SUMMARY: A relatively quiet trip in fair conditions. The best thing
about this trip was that it provided the long delayed resumption of Port
Fairy trips. After our boat owner recovered from being ill for about 6
months from March last year, we have been trying to get out since
September. All the subsequent trips have been cancelled because of
continuing bad weather. The main highlights were a HUMPBACK WHALE and
up to 5 BLUE WHALES with good numbers of WHITE-CHINNED PETRELS and
GREY-BACKED STORM-PETRELS and a COMMON DIVING-PETREL, a BULLER'S
ALBATROSS and 2 POMARINE JAEGERS.
OBSERVERS: Peter Crabtree, Peter Grenfell, Brian Johnston, Peter
Lansley, Frank Pierce, Ray Schultz, Paul Sutherland, David Torr, Inka
Veltheim, Wendy McWilliams, Ray McWilliams, Chris Lester (organiser).
WEATHER: A fine and sunny day. The light was always good with excellent
visibility. It was pleasantly cool. The wind was NE at 10 knots in the
morning and freshened to 15 knots in the afternoon.
SEA: Small chop of 1 m early with 0.5 m swell which stayed fairly
constant through the day. There was a bit of spray on the way back with
the NE wind.
ACTIVITY: Sailed at 07.00 EDST from Port Fairy (PF), which is at 38º 23'
18"S 142º 14' 30"E. We went out on our usual course (diverting three
times to look at whales and a pod of dolphins) before arriving at our
first berley stop at 10.00 in 240 fathoms @ 38º 48.6'S 141º 53.2'E.
Birds were slow to gather at our shark-liver and fish berley. At 11.00
we moved to deeper water. On reaching about 460 fathoms at 38º 52.4'S
141º 49.3'E (which is about 38 nm from PF), we berleyed from 11.20 to
12.00. Then from 12.30 to 12.55 we again berleyed, now at 38º 48.2'S
141º 47.0'E where the depth was 130 fathoms. Returning to PF, we briefly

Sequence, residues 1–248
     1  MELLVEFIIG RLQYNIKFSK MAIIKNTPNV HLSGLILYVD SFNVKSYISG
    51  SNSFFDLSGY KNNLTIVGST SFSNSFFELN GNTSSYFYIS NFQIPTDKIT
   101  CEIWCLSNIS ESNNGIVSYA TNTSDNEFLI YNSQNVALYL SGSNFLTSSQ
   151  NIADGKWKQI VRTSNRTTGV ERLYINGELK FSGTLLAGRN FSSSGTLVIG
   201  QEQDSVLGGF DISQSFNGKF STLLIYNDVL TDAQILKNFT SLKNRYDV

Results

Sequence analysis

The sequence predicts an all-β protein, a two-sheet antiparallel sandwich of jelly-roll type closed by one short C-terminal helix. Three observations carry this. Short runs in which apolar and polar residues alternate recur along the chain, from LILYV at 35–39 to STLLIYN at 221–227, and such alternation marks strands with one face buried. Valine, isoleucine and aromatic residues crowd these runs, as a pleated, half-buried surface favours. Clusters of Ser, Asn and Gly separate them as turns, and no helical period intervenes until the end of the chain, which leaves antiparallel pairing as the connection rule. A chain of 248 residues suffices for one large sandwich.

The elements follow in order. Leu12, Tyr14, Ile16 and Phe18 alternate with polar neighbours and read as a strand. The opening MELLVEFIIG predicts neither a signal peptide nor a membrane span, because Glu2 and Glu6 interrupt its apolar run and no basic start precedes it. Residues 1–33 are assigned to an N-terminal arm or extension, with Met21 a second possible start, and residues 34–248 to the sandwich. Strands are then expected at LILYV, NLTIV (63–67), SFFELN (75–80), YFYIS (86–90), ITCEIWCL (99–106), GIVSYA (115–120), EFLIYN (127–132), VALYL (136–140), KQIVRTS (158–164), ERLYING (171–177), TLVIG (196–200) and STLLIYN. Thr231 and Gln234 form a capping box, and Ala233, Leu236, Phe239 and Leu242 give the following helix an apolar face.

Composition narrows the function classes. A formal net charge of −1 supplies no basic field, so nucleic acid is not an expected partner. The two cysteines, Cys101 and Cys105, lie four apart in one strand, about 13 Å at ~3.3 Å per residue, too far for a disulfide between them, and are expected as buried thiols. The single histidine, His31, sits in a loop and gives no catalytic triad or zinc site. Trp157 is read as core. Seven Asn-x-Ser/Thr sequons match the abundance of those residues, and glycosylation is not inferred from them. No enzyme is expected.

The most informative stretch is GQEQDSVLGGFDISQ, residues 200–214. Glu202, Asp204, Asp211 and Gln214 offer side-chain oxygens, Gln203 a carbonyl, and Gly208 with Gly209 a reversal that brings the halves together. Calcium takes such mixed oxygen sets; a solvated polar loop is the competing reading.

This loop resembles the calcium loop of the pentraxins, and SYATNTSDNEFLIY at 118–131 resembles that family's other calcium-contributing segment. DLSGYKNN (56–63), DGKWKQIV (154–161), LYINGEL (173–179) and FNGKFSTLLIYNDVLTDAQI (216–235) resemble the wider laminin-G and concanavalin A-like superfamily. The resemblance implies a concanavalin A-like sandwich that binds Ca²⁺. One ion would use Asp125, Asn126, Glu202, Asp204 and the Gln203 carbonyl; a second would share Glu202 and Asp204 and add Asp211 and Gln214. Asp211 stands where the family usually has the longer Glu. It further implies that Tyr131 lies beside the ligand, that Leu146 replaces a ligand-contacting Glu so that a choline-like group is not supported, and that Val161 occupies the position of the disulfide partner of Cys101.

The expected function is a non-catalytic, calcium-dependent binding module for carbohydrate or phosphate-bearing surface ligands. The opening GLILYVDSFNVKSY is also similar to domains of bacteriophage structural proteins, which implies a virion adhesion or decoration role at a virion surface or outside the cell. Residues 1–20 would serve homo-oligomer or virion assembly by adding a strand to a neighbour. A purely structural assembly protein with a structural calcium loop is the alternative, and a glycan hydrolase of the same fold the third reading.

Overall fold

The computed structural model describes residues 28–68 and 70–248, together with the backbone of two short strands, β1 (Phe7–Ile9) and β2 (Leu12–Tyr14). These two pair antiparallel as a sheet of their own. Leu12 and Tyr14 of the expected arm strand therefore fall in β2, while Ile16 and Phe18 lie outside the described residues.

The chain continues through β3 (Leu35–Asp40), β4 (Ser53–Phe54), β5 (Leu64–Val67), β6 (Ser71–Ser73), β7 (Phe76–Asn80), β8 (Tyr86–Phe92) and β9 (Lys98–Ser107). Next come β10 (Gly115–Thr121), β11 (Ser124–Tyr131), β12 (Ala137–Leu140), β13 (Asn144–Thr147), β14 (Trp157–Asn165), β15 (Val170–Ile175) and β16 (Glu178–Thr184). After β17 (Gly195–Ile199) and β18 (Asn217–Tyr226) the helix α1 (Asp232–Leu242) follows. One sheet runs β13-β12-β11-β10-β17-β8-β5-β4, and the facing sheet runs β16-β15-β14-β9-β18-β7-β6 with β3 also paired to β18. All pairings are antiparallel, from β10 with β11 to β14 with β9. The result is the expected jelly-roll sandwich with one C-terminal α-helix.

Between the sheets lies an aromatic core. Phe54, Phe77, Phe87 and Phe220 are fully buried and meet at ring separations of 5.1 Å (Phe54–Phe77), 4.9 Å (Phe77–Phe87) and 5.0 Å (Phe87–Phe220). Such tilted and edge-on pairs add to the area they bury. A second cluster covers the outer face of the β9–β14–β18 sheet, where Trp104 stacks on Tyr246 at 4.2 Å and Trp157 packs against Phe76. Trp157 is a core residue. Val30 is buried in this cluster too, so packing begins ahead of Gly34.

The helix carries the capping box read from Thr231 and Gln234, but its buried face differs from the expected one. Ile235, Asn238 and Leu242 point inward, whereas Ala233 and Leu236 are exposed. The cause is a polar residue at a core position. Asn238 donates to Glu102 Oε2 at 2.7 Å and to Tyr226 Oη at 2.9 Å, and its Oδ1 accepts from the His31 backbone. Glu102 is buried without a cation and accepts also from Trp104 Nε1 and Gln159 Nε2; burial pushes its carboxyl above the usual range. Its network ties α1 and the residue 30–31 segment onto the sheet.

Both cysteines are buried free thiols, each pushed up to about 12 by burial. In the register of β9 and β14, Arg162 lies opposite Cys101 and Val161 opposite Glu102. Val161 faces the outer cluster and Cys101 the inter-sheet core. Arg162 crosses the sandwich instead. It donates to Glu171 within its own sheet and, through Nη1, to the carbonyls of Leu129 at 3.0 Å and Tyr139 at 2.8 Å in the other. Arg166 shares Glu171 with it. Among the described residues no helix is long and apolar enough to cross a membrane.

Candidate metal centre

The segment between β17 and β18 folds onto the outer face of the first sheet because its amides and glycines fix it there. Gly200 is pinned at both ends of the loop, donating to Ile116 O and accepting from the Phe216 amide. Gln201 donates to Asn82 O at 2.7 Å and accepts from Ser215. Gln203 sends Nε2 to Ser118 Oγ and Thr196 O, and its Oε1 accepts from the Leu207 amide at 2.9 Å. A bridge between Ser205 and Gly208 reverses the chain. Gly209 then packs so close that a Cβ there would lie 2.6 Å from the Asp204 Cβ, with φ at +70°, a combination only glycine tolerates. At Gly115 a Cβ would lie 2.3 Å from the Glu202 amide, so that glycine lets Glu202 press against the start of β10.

cruised portions of the western and northern shores of Lady Julia Percy
Island (LJPI) from 02.50 to 03.20. Docked at 16.15.
HUMPBACK WHALE: 1 halfway to the shelf (we tried to catch up to it but
it outswam us) .
BLUE WHALE: 1 spouted a bit further out on the way out (we also tried
to catch up to this one but it also outswam us) and 3 or 4 spouting
together on the way in.
Common Dolphin: Two pods of at least 50 in total halfway to the shelf.
Australian Fur Seals: Only 2-3 singles away from LJPI, where there were
BIRDS: 23 species of seabird observed beyond the river mouth indicated
fairly good diversity. Albatross numbers were very deficient. In fact,
all species were in low numbers except the Storm-Petrels. Unless noted
otherwise, all listed below were near or beyond the shelf break (i.e.
pelagic). Highlights are in capitals.
Little Penguin: 1 inshore and 2 ashore on LJPI.
COMMON DIVING-PETREL: 1.
Giant Petrel sp: 1.
Great-winged Petrel: 4 (3). 3 were race gouldi and 1 macroptera.
Fairy Prion: 1.
WHITE-CHINNED PETREL: 10 (4).
Sooty Shearwater: 5 (2).
Short-tailed Shearwater: 50 (2). Very small numbers.
Fluttering Shearwater: 8 (2) inshore.
Wilson's Storm-Petrel: 10 (6).
GREY-BACKED STORM-PETREL: 25 (15).
White-faced Storm-Petrel: 100 (30). Large numbers as we approached the
shelf; smaller numbers at shelf.
Wandering Albatross: 2 (1).
Black-browed Albatross: 30 (15). About half each of melanophrys and
Shy Albatross: 30 (8). Race cauta.
Yellow-nosed Albatross: 4 (3).
BULLER'S ALBATROSS: 1.
Australasian Gannet: 100. Mostly inshore.
Black-faced Cormorant: 13. 12 of which were on LJPI.
POMARINE JAEGER: 2. 1 pelagic and 1 inshore.
Kelp Gull: 10+ on LJPI, with 2 juv.
Silver Gull: 50+ on LJPI.
Crested Tern: 45. 40 on LJPI, 5 offshore & pelagic
Also on LJPI:
White-faced Heron: 1.
Nankeen Kestrel: 1.
Sooty Oystercatcher: 4.
Common Starling: 10
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